While the Achilles heel to the endless "economic data" BS coming out of China may be its electric production and demand, both of which show a vastly different picture than what the Beijing politburo's very wide brush strokes paint, the US itself is not immune from indicators that confirm that anything the BEA dishes out should be taken with a grain of salt. One data set that we showed recently that paints a drastically different (read slowing) picture of the US economy which we noted recently is railcar loading of waste and scrap for the simple reason that "The more we demand, the more waste is generated by that production." Of course, the propaganda manipulation machinery only focuses on the "entrance" of production, and completely ignore the "exit." But an even far more important metric of the general health of the US economy may be none other than broad energy demand, in the form of petroleum deliveries and gasoline demand. If this is indeed the relevant metric to observe, then things are about to get far, far worse. As Dow Jones notes: "U.S. petroleum deliveries, a measure of demand, fell by 2.7% in July from a year earlier to the lowest level in any month since September 2008, the American Petroleum Institute, an industry group, said Friday." It gets worse: "Demand in the world's biggest oil consumer, at 18.062 million barrels a day, was the weakest for the month of July since 1995, the API said. Year-to-date demand is down 2.3% from the same period in 2011."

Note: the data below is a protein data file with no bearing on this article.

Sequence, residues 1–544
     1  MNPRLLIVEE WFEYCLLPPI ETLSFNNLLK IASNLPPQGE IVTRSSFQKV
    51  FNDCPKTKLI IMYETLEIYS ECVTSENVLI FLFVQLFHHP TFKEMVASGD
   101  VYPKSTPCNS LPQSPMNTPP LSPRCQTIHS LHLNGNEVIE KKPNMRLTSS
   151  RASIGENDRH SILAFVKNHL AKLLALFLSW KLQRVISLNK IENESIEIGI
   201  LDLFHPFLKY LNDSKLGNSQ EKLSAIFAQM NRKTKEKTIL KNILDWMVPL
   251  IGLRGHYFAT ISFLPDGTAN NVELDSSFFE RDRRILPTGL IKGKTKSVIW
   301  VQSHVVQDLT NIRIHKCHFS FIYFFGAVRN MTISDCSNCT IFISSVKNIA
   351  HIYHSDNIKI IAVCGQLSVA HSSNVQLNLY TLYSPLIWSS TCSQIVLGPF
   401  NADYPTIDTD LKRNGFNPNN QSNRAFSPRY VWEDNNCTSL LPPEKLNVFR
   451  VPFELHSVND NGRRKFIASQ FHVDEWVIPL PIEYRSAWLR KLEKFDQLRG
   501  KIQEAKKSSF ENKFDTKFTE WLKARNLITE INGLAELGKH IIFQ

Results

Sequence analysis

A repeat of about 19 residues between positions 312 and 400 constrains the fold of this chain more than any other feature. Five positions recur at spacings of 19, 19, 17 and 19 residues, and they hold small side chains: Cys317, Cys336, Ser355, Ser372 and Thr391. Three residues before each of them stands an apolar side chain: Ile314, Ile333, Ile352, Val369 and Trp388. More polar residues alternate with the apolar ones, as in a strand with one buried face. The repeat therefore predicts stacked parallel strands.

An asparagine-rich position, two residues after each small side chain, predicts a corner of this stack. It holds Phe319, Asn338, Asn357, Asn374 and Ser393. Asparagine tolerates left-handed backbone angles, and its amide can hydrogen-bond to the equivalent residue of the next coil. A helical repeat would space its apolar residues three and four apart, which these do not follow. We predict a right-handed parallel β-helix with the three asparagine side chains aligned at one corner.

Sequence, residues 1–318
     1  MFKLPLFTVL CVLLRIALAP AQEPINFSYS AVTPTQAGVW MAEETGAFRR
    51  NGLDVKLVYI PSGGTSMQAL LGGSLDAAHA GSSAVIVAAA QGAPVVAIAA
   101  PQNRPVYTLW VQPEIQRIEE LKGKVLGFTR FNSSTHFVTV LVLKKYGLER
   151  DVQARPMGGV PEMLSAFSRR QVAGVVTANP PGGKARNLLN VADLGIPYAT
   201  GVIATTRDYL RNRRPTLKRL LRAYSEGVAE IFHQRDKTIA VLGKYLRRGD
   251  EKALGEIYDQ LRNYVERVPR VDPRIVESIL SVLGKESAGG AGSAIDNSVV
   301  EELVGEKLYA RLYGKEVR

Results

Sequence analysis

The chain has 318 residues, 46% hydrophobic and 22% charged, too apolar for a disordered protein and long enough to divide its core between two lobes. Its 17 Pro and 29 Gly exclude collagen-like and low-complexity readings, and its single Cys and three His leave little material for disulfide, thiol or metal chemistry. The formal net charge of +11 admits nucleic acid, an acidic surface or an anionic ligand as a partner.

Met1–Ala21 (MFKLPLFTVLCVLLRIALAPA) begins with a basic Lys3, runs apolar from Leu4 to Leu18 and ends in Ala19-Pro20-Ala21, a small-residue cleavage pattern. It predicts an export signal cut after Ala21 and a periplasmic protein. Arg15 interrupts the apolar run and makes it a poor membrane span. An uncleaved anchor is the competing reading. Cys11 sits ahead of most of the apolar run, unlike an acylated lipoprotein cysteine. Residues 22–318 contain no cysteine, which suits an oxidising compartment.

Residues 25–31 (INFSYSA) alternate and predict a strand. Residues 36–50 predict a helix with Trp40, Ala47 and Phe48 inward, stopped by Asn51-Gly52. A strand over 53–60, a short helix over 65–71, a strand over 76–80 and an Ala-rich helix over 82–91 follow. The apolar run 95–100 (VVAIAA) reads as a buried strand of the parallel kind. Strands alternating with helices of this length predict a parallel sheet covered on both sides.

QE-on or QE-off; Growth or No-Growth; Cleanest 'Dirty' Shirt or Un-Decoupling; none of that matters. There are divergences everywhere - intraday and long-term - but none of that matters. What matters is hope, faith, and a little Central Bank charity. That is, of course, until someone drops the bowl of global Kool-Aid (Merkel 'nein'; Bernanke 'no'; Xiaochaun 'bu') or markets believe they want Romney/Ryan. With the equity markets in general making new 2012 highs today (as we noted earlier), on a day with better-than-recent volumes and heavy average trade-size at the highs, we can do nothing but stand back and admire the year-to-date performance of bonds, stocks, commodities, and verbal diarrhea.